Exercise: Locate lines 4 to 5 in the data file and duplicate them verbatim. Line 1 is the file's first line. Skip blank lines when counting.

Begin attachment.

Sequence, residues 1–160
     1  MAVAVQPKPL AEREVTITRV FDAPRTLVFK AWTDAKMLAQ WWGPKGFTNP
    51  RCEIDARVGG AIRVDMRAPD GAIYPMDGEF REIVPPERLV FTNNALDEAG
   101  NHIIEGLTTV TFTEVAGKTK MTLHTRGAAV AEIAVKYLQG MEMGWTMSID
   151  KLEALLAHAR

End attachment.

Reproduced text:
   101  NHIIEGLTTV TFTEVAGKTK MTLHTRGAAV AEIAVKYLQG MEMGWTMSID
   151  KLEALLAHAR